KRASNAYA POLYANA, Russia – Sometimes an athlete is so good at his or her chosen discipline that the best way to sum up that athlete's dominance is a reference to other greatness.
Michael Jordan on a basketball court. Gordie Howe on a rink. Muhammad Ali in the ring. And in the giant slalom … Ted Ligety.
"It reminds me of when [Roger] Federer was so dominant there for about four years, and everybody was like 'What do you do? How do you beat him?' " said Tim Jitloff, Ligety's U.S. Alpine teammate. "I don't know."
On Wednesday, the rest of the world couldn't figure it out, either. Ligety won the second Olympic gold medal of his career, dominating the giant slalom and becoming the first U.S. skier to win the discipline in a Winter Games. He's also the first men's U.S. skier with two Alpine golds, and he gave the United States its first Alpine gold medal – men's or women's – of the Sochi Games.
With the giant slalom considered by some to be the foundation of Alpine skiing, Ligety's gold is an exclamation point on a six-year period that has seen him own the event.
It was a redemptive moment, too, brushing back four years of questions about Ligety's failure to medal in the 2010 Vancouver Games and a sluggish start in Sochi that made critics wonder if he was too conservative to be a great Olympian. Indeed, there was pressure on his shoulders entering Wednesday. There was frustration. Enough that Ligety himself had uttered the word "choke" to describe one of his earlier races. But Wednesday was something different. Even with a 2006 Turin Games gold medal in the super combined in his pocket, Wednesday was as close to a must-have race as anything he'd ever experienced.
[Related: Ted Ligety wins gold in giant slalom]
"It was a huge relief," Ligety said. "I've been wanting to win this medal for my whole life, but even more so, in a realistic sense, the last few years. All season long, everybody talks about 'The Olympics, the Olympics, the Olympics.' At a certain point, I was like, let's do it already. Let's just get this thing over [with], so we can stop talking about the pressure and everything with it. It's awesome to be able to come here and be able to compete and finally do it and get the monkey off the back, I guess."
Ligety didn't just shed the monkey as much as he shot it into space. On the first of two runs Wednesday – with the mountain snow as perfect as it has been all week – he snaked through the course with a tight turn radius and that Ligety lean. The maneuver is a miracle of body torque and ski technology, leaving his inside hip gliding over the surface of the ice.
The difference in speed and agility through turns is remarkable, often leaving Ligety's competitors looking like they're easing a Cadillac through the course as they head to Sunday mass. That's how he amassed a .93-second lead over the field after his first run on Wednesday – a cushion that allowed him to play it conservative on his second run and glide home to an essentially unchallenged gold.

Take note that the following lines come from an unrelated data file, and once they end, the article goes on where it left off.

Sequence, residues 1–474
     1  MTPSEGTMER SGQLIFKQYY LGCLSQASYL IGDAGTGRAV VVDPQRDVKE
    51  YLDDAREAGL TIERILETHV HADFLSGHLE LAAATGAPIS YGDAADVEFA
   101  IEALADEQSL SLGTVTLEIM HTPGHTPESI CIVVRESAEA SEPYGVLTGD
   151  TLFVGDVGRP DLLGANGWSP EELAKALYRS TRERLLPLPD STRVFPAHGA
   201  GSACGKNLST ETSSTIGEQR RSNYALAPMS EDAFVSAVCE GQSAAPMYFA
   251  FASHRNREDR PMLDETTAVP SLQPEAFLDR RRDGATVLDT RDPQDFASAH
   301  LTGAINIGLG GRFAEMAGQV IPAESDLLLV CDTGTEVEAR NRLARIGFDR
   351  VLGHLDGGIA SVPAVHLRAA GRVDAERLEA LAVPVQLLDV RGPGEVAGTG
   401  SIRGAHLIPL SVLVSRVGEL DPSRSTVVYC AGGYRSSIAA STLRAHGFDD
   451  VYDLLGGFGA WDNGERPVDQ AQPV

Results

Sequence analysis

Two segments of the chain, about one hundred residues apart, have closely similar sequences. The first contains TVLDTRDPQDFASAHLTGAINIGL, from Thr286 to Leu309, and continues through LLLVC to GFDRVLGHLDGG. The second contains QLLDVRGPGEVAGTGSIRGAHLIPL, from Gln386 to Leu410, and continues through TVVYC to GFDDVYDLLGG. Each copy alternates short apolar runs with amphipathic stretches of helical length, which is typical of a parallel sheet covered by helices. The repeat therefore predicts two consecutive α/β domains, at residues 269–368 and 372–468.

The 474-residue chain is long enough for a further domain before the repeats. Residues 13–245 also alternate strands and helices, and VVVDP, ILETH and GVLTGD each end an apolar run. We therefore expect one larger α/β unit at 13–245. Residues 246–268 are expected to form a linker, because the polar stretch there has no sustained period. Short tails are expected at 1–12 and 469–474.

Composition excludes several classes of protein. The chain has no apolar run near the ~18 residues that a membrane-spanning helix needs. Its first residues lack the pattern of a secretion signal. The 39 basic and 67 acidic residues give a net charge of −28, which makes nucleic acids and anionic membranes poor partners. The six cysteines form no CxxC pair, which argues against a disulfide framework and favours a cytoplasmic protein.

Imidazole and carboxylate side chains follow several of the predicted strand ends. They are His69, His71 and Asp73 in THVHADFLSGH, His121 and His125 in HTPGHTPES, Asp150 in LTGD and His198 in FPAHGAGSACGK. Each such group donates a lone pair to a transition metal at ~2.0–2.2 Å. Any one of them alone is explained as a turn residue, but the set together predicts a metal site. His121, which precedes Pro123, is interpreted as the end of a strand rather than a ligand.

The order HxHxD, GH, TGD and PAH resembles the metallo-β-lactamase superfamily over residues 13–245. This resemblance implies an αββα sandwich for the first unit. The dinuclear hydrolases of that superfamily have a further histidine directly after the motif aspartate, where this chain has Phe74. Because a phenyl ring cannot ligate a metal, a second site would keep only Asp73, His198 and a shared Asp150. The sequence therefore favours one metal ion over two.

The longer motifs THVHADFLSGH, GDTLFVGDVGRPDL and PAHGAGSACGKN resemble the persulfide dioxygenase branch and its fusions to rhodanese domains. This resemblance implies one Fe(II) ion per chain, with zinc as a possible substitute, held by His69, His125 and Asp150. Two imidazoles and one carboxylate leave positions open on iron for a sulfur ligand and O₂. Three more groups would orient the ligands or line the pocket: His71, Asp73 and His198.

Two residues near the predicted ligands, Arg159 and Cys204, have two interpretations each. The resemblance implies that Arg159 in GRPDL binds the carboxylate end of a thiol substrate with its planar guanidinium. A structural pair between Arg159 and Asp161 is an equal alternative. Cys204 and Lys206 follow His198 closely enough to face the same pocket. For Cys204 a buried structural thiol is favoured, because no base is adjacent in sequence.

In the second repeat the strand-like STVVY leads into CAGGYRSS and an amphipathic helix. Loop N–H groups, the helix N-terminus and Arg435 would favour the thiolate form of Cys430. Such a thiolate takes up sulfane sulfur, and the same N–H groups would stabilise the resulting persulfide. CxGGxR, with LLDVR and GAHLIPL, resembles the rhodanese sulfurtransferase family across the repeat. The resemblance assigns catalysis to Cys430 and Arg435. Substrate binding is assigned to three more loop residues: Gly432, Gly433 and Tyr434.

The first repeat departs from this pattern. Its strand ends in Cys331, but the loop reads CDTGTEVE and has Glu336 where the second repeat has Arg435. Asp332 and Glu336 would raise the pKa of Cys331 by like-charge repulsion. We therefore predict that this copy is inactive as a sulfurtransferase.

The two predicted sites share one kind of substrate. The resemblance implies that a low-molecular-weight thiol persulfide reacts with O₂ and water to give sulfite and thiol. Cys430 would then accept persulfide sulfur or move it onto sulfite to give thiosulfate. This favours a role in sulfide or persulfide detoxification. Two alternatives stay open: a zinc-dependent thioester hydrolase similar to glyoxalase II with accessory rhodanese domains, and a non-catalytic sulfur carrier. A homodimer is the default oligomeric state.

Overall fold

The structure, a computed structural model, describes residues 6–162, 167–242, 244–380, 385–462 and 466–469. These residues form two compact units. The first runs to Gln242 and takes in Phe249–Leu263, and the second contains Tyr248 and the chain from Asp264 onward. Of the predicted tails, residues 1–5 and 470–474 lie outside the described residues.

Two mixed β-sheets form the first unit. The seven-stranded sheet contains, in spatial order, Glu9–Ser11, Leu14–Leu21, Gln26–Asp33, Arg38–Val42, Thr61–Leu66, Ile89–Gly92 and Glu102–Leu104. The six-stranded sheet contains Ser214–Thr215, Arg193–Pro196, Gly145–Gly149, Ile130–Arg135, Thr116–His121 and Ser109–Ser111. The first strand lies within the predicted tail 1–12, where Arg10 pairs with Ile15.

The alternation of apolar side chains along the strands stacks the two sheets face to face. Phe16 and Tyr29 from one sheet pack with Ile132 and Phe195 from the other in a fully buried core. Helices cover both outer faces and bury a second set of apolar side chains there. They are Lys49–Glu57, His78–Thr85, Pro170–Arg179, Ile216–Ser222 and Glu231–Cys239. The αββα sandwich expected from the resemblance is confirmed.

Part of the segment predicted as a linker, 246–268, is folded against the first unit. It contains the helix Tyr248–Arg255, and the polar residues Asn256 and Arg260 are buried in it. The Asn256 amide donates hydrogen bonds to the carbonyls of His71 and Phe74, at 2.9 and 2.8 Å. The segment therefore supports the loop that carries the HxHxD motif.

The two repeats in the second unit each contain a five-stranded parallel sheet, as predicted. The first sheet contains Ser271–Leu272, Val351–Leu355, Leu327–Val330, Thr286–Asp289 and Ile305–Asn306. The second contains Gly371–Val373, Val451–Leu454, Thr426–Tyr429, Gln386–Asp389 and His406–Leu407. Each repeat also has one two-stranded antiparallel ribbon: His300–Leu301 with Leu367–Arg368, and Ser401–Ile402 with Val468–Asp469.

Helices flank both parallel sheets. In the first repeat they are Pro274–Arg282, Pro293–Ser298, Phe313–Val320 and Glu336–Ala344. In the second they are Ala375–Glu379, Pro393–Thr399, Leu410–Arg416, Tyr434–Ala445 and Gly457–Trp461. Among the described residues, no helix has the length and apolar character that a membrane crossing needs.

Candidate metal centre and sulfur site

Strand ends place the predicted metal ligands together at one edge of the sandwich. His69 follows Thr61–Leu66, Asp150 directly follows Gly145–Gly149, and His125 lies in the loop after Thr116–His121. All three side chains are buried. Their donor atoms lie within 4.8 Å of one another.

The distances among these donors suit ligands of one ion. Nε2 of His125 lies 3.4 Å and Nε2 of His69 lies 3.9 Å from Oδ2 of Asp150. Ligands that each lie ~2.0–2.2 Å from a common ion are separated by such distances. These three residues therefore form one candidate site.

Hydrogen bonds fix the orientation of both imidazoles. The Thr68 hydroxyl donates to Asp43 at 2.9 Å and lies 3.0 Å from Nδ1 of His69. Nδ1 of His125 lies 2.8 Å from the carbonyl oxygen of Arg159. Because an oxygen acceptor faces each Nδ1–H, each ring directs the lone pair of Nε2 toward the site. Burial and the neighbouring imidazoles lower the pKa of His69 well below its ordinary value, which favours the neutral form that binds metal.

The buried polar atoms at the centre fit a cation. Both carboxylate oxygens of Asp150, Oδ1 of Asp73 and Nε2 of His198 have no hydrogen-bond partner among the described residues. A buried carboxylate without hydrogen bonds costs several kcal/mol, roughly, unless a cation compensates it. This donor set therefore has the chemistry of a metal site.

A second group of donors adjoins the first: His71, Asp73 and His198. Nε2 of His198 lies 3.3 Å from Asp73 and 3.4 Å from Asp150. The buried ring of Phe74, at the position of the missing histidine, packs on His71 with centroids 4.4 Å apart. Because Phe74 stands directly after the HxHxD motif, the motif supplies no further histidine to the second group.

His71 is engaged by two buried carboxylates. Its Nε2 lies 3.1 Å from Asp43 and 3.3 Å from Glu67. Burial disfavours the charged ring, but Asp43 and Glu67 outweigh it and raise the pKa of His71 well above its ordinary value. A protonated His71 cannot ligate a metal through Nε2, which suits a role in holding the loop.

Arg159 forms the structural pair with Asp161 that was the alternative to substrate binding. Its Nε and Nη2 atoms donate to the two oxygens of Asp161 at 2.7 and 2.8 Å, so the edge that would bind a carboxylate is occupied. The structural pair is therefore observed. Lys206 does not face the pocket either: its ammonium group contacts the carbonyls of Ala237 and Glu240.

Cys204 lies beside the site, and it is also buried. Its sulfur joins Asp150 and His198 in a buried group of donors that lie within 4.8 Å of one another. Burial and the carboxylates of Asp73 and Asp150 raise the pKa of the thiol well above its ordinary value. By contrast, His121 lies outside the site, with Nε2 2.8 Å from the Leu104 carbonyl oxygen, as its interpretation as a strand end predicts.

"He has found a way, somehow, with how he has set up his [equipment], to where it fits his style and abilities perfectly," Jitloff said. "He's able to just risk it to the point and make turns that all of us are sitting there going, 'Wow. I really wish I could do one of those.' And he's able to do it the whole way down the course."
"He carries so much speed and just doesn't really make mistakes," said U.S. teammate Bode Miller. "Those are the things that separate him. Other guys carry speed for a couple turns and then they scrub a little bit. He just carries it smooth, top to bottom."
To do it when it mattered most – and this mattered a lot to Ligety – signals another step in his maturation as a skier. At 29, he is in the middle of his prime and is well accomplished on the World Cup circuit, currently ranked No. 3 overall. In 2013 he conquered the world championships, bringing home gold medals in three disciplines, including the giant slalom, super-G and super combined. Now he's got two gold medals and has removed the bad taste of Vancouver, when he finished a stunning ninth in the giant slalom and failed to medal in any events.
"I have answered Vancouver questions for the last four years," Ligety said. "So that hasn't bothered me that much. I moved past that. My best years have been since then – and in a lot of ways, because of that [failure]."
It's long forgotten now. If anything, the focus is on the future. And Ligety said he's absolutely planning on being around for the 2018 Games in Pyongyang, South Korea.
"Who knows how much longer I will ski," Ligety said. "But definitely through Korea."
That revelation left France's Alexis Pinturault – Wednesday's bronze medalist and one of Ligety's top giant slalom foes – taking a deep breath. Sort of the way one might react when the IRS knocks on the door.
"I think for skiing, it's perfect," Pinturault said. "Because he's one of the big champion GS winners for the last four years – or maybe more, I don't remember. I was too young."
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